Archive for June 25, 2007
My cubicle at work has been relocated quite a lot lately. While other coworkers pile all of their belongings into boxes, I’ve made a clear and conscious effort to downsize my clutter. I started cleaning out my desk long before the rumors of layoffs and pink slips started circling. The transition from there to here started slowly. On the first day I brought home old family photos. Over the course of a week I carried home old programming books, just two or three, a day at a time. By the second week I converted old papers to PDFs, and by the end of the month I recycled and shredded just about every paper in my cube. The remainder of my personal items: three or four programming books, a stapler, a couple of pens, plastic silverware and various odds and ends are small enough to fit in a small box that resides inside a cabinet in my cube.
The cubicles next to mine are filled with clutter. My company breeds a sense of loyalty that has kept fellow co-workers here for 10 to 20 years. As employees pin children’s art projects and family photos to makeshift walls their cubicles become a direct extension of their homes. I often wonder if it’s easier to devote yourself to work when you envision the faces of those you are working for or if it becomes more difficult to arrive early and stay late when you peer into the faces of those you love? I wonder how many of my co-workers take their work home with them. Are there as many reminders of work in their homes, as their are of home at their work? Spending more than eight hours at work each day it’s easy to see how the lines become blurred.
As rumors of pink slips whirl through the air I am saddened by the thought of loyal employees filling up their cardboard boxes. This time it won’t be to move to another office or cube. This time they’ll be pulling down artwork and family photos and shipping them home. I think about all of the long nights I have awarded my employer and imagine many employees beside me who have done the same. In relationships they say: “It is better to have loved and lost then never to have loved at all.” I wonder if loyal employees will feel the same. In the end will they feel grateful for the good years they’ve had with the organization or simply bitterness at having been let go?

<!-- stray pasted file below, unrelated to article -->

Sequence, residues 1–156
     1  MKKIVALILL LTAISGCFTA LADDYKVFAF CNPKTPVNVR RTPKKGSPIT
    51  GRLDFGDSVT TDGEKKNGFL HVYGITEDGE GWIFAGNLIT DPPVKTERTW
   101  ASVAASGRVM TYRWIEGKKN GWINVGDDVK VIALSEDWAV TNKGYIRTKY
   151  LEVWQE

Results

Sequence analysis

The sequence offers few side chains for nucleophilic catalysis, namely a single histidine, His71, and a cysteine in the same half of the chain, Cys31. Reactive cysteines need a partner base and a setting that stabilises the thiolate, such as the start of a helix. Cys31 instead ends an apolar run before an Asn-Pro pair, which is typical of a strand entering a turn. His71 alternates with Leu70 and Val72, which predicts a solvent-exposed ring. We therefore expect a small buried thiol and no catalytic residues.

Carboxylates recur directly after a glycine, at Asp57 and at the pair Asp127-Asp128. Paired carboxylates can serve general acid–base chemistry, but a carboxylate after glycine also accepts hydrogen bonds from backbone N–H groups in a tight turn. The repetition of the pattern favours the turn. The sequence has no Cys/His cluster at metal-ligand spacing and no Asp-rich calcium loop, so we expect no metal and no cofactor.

I have worked at the same job since I graduated from college. Most of my friends have had five or six jobs in that same period of time. A number of them have even had multiple career changes. When I tell people that I have been with the same employer since I graduated I am inevitably asked why I have never switched jobs. Interestingly, as time passes my answers have changed as has my relationship with my employer.
I interviewed in January of the year I graduated, and was sent an offer letter in March for a position starting in the summer. I was interning for a small company at the time who also offered me a job. The starting salary at the smaller organization was much larger, but I felt the overall opportunity for growth at a large company would be much higher. Although it’s true that young employees can make a larger impact in a small company, there is also a stifling feeling of low ceilings and little growth. After all, if there is only one person between you and the CEO how far up the chain can you travel?
The first few years with my employer gave me the butterflies of a new romance. I demonstrated a desire to learn and a drive to succeed right from the start. While other employees my age were performing meaningless and low level tasks, I was quickly moving into roles with greater responsibilities.
But as time ticked by I became bored with my employer, which is often the case when you find yourself performing similar tasks over and over. The itch to jump ship grew stronger, but not as strong as the desire to attain a second degree. Ultimately, company benefits paid for every penny of my advanced degree with the exception of the very paper it’s printed on. For only $100 of my own money and over $19,000 of the company’s I earned my Master’s.
With a new degree in hand the itch to leave continued to grow. By the summer of my fourth year with the company I was determined to set sail. I interviewed elsewhere and offer letters flowed in but the benefits just couldn’t compare. With each interview I convinced myself that the work elsewhere wouldn’t be better. If I had changed careers it would have been a different story, but sitting in front of a computer at Company A or Company B just didn’t seem to matter.
Another year passed and co-workers who brightened each work day began leaving. First it was just one or two, then there were many. I thought I’d give the company one last try and rotated into a few different internal positions. Something new was certainly better than the same old, same old, and for awhile it all seemed doable.
Then one day I fell unexpectedly ill. My company supported me through an often forgotten benefit… short-term disability. Many companies offer long-term disability but few will continue to pay you for months of extended leave. Not mine. The good old girl paid for an extended absence and my heart fell in love once again with the company.
As time passes this complicated relationship with my company has bred a strong loyalty. In good times and in bad it has been the solid rock that supports me. I am not certain how much longer I will stay, but I will always be grateful for all that she has given me.